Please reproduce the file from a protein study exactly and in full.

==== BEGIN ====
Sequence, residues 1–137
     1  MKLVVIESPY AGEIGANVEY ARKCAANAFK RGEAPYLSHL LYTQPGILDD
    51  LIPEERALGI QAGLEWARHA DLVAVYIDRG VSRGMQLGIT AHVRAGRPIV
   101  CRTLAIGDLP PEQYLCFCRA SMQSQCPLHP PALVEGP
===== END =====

Sequence, residues 1–137
     1  MKLVVIESPY AGEIGANVEY ARKCAANAFK RGEAPYLSHL LYTQPGILDD
    51  LIPEERALGI QAGLEWARHA DLVAVYIDRG VSRGMQLGIT AHVRAGRPIV
   101  CRTLAIGDLP PEQYLCFCRA SMQSQCPLHP PALVEGP